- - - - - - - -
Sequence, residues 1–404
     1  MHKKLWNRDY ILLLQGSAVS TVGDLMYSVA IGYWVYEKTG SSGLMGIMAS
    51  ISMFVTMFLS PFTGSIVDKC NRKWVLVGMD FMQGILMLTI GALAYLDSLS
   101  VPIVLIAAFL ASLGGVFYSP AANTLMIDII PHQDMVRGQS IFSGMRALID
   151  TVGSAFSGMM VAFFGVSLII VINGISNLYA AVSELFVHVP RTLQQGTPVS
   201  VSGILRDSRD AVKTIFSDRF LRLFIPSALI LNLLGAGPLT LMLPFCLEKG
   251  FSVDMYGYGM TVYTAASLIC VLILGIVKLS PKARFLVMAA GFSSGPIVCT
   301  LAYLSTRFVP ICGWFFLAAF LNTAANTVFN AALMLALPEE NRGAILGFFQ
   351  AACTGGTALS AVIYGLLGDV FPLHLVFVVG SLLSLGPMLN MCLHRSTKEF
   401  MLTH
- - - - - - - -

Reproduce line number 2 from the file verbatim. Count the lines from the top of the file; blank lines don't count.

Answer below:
     1  MHKKLWNRDY ILLLQGSAVS TVGDLMYSVA IGYWVYEKTG SSGLMGIMAS